Over the past couple of weeks, I’ve been organizing my notes in preparation for our team-by-team 2015 Top 10 lists. To give you a flavor, I’ve written up my notes on the Pittsburgh Pirates uber-prospect, Tyler Glasnow and the Milwaukee Brewer’s 2014 second round draft pick, Monte Harrison. While Glasnow has become a house-hold name in prospect circles, Monte Harrison is relatively unknown. Based on what I’ve seen and heard, that could change very quickly.
The Top 10’s will start in late September with the Chicago Cubs kicking off our coverage. Warning…it might be a mini-novel.
Tyler Glasnow (Pit, RHP)
I’ve been staring at my screen for 20 minutes not knowing where to start with Tyler Glasnow. I’ve had a chance to scout him several times across both levels of A-Ball and have a good sense for the player and the areas of development he still needs. Quite frankly, the list is long on both sides of the equation but the end result could be very, very special.
When you first see Glasnow, it’s hard not to notice the body. It’s the definition of long and lanky. Not only are his limbs long, but so is his torso. In fact, it’s very common to see his jersey come un-tucked and flap in the wind as he completes his delivery. His jersey issues could be solved by finding a belt that actually works, but also contributing is the “all out” effort he puts into the delivery. He gets outstanding momentum on his stride and this combined with his long levers provide incredible torque and drive to the plate. The violence leads to significant balance issues and ultimately control issues. However, the delivery allows his plus stuff to play up even more and is one of the reasons batters don’t make great contact; when they are able to make contact.
As messy as the delivery is, it’s much improved from 2013. Glasnow is more in control with better balance and this should only improve as he learns to manage his 6-foot-7 frame. If and when these lines cross, Glasnow has the upside to be a dominating pitcher. The Pirates clearly want this to be in the starting rotation, but it could also be in relief.
The arsenal is special and begins with an explosive fastball that sits 94-96 MPH and can touch higher. The curveball is a true swing and miss pitch with tight spinning action that drops off the table. I’ve seen numerous hitters flail at the pitch. The change-up also has nice deception and with time, could be another above-average pitch. While he does pitch with downward plane, he’s not an extreme ground ball pitcher as his fastball is a true four-seamer that he elevates up in the zone. For Glasnow, it works, because the plane make it difficult to square, therefore most of the flyballs become weak outs.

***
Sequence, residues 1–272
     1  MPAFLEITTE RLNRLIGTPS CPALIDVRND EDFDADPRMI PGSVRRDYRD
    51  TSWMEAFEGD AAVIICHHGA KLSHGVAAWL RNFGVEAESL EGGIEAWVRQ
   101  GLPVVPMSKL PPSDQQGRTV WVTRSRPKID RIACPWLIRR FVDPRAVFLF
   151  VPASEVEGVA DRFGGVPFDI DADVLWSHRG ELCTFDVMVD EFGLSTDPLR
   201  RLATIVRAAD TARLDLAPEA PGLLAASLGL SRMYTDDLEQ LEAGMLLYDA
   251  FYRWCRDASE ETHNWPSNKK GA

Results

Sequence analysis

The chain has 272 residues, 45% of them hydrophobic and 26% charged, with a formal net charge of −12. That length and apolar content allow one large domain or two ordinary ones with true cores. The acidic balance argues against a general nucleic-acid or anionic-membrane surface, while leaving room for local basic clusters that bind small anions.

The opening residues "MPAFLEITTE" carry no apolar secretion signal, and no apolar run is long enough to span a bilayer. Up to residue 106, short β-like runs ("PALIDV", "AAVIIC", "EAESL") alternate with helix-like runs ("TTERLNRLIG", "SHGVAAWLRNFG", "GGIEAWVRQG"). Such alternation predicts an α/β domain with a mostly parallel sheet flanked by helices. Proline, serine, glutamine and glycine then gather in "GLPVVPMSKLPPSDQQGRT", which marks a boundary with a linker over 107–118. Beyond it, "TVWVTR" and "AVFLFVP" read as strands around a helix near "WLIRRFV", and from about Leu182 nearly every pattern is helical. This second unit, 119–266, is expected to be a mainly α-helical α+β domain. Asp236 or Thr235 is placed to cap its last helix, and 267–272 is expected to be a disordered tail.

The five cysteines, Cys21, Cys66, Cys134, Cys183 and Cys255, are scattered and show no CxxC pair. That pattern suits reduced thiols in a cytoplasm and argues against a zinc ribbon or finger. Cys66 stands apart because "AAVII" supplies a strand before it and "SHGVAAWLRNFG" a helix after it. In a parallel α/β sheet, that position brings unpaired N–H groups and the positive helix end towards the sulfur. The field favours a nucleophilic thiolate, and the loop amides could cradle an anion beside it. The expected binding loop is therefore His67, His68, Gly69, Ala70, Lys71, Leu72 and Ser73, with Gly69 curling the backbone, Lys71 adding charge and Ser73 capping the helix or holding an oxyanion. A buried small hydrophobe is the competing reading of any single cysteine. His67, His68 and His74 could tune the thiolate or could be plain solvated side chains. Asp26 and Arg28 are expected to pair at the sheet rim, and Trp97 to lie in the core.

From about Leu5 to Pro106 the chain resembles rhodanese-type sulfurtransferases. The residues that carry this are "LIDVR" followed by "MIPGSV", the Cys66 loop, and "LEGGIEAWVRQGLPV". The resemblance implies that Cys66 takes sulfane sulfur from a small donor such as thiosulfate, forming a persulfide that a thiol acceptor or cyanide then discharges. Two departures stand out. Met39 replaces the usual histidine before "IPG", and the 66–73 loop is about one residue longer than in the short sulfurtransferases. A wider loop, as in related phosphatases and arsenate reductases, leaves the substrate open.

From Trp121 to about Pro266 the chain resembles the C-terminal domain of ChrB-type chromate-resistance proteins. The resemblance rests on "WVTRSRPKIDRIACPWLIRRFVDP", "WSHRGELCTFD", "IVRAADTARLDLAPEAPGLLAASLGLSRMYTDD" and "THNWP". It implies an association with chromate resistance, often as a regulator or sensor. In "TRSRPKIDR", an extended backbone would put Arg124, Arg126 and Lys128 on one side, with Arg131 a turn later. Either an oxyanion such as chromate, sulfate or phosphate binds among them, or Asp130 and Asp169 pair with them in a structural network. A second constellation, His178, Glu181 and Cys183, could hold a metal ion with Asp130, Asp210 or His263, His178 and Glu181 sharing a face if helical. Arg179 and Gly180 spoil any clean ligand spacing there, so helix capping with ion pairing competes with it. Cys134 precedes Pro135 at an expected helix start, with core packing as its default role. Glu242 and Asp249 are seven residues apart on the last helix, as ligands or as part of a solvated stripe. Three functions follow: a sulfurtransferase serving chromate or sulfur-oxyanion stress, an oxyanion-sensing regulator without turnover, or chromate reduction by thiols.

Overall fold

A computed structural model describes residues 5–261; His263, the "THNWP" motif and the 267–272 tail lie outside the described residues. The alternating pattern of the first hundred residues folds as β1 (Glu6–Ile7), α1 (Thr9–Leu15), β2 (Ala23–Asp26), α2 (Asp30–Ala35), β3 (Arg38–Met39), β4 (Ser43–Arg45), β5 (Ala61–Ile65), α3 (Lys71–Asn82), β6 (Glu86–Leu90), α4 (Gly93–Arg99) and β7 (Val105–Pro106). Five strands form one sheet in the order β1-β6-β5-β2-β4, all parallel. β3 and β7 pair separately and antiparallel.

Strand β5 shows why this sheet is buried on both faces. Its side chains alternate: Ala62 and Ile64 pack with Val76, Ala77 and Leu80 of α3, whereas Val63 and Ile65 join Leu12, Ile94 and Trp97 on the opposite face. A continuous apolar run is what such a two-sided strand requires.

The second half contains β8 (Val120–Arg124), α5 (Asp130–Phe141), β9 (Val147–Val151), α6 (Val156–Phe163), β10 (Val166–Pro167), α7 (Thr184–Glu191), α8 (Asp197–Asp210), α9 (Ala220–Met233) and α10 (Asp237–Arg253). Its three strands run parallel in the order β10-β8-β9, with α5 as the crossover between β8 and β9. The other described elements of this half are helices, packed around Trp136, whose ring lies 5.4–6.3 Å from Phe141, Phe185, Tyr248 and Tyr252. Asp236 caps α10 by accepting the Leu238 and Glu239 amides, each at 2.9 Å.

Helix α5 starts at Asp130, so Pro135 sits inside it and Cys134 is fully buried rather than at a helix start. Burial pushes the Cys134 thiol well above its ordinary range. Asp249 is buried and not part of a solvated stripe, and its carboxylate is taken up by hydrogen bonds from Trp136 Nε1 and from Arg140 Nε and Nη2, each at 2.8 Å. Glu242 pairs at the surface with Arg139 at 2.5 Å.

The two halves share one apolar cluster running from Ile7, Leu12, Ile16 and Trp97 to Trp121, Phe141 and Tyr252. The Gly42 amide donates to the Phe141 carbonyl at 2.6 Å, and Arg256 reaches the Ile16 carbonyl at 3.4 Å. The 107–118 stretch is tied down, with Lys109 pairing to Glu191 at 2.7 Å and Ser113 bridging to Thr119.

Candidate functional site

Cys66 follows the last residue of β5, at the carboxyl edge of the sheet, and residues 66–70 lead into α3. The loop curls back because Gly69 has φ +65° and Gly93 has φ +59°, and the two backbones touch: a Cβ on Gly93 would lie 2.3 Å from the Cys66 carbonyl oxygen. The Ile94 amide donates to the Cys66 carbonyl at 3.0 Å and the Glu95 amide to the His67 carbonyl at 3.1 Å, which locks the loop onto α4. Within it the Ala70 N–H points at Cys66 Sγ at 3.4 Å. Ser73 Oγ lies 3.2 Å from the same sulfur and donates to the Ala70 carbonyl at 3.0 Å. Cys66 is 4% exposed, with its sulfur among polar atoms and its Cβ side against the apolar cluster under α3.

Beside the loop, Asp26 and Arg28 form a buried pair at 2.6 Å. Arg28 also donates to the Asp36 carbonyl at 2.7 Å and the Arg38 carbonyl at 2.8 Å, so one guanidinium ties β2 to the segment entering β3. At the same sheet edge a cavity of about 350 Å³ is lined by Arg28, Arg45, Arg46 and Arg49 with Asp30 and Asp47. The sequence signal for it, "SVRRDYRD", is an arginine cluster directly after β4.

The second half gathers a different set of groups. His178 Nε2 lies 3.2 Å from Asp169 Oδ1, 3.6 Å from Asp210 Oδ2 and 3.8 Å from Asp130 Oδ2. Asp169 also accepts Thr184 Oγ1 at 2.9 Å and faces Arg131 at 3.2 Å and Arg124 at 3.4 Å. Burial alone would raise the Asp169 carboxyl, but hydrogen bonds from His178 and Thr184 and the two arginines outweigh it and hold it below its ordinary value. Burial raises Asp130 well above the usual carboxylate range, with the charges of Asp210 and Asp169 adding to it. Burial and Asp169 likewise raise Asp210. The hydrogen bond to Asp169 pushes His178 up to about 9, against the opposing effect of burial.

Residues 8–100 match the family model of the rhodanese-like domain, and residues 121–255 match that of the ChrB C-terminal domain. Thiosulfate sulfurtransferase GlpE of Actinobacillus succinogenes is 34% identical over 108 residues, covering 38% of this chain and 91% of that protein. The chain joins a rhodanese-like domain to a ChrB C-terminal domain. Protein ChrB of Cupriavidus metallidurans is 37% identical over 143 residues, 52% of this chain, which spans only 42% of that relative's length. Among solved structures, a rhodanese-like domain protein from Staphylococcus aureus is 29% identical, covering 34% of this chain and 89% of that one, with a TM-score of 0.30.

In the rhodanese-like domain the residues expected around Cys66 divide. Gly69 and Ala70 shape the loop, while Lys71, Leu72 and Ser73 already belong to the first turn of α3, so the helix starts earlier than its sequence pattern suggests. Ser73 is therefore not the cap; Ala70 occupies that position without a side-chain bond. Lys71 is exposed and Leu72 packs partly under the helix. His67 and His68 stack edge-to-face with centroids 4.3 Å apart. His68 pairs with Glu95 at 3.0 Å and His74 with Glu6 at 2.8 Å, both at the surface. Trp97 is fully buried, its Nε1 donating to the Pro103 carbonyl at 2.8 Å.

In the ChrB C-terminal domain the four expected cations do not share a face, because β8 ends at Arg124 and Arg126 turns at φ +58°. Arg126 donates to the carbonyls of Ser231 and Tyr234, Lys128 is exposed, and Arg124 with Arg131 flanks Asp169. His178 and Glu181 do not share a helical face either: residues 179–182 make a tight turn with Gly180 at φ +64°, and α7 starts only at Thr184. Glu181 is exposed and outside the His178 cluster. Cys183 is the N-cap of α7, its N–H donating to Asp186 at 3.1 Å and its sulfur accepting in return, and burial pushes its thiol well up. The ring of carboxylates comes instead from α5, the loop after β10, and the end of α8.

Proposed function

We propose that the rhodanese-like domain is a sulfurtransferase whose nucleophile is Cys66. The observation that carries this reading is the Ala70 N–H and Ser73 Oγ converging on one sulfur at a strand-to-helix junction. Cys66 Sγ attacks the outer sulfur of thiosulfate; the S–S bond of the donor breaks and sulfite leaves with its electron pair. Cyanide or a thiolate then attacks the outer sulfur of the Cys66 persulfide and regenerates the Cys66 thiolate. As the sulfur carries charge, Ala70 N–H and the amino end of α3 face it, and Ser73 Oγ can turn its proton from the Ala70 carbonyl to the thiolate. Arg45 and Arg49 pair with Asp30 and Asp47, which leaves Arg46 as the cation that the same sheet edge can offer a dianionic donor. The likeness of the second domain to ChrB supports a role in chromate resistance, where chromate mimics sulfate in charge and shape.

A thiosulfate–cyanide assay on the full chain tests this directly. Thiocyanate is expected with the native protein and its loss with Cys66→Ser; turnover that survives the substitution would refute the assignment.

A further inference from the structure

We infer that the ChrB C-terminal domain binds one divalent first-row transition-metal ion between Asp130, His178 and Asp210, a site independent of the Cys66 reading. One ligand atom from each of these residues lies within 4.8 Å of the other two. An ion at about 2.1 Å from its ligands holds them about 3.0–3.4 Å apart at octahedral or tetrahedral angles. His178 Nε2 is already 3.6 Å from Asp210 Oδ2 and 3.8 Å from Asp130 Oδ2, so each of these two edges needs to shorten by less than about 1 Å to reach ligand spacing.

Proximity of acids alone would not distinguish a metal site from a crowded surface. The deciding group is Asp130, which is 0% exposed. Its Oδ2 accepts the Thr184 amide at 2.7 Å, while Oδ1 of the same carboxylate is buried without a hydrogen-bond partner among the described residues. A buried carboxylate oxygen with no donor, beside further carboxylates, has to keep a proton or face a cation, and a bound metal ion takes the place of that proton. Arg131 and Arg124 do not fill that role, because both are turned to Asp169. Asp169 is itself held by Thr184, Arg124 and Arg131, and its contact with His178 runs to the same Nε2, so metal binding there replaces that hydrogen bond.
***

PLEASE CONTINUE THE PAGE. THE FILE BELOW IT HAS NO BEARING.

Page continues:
Fantasy Impact: Glasnow has the raw stuff to be an ace but the control will be a problem unless he learns to control his body better. If he does, it could be special. Regardless, it’s going to take time and a level-a-year progression could be in the cards. This will put his arrival in Pittsburgh at 2017. I also used the word “relief” in the capsule and believe that’s a possible outcome for Glasnow. 6-foot-8 Dellin Betances of the New Yankees had a similar profile to Glasnow and was exposed once he moved to the upper-minors. He moved to the bullpen and has become a monster. As a fantasy owner, it’s a win-win situation.
Monte Harrison (Mil, OF) – Milwaukee Brewers emerging prospect
If Jacob Gatewood wasn’t toolsy enough, the Brewers drafted one of the few players with more raw ability than Gatewood in Monte Harrison. Simply go to youtube and type in his name and you’ll see an impressive array of basketball dunks and acrobatic catches on the football grid. The athleticism is extremely impressive.
Harrison has bat speed, raw power, crazy arm strength (rumors are that he hit 98 MPH from the bump in high-school), and 80-grade running speed. The missing/unknown skill is the ability to hit. While the reports I have received show a very raw hit-tool, he does appear to have an approach with a better than anticipated understanding of the strike zone. The stats seem to back that up with a 39K/21BB strikeout-to-walk ratio so far in rookie-ball.
While I don’t have specific criteria for our emerging prospect, one could argue that Harrison has the highest upside in the system and should be a Top five prospect for the Brewers. However, and maybe I’m cheating, Harrison has the talent to go from relative obscurity to one of the more talked about and hyped prospect in the minors. For me, that also defines an emerging prospect.